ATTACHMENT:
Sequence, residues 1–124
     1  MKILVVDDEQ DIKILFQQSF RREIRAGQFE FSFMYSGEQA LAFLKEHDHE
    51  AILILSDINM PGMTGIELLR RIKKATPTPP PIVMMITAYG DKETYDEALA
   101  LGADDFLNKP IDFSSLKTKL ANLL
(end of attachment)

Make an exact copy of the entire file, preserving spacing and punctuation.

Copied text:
Sequence, residues 1–124
     1  MKILVVDDEQ DIKILFQQSF RREIRAGQFE FSFMYSGEQA LAFLKEHDHE
    51  AILILSDINM PGMTGIELLR RIKKATPTPP PIVMMITAYG DKETYDEALA
   101  LGADDFLNKP IDFSSLKTKL ANLL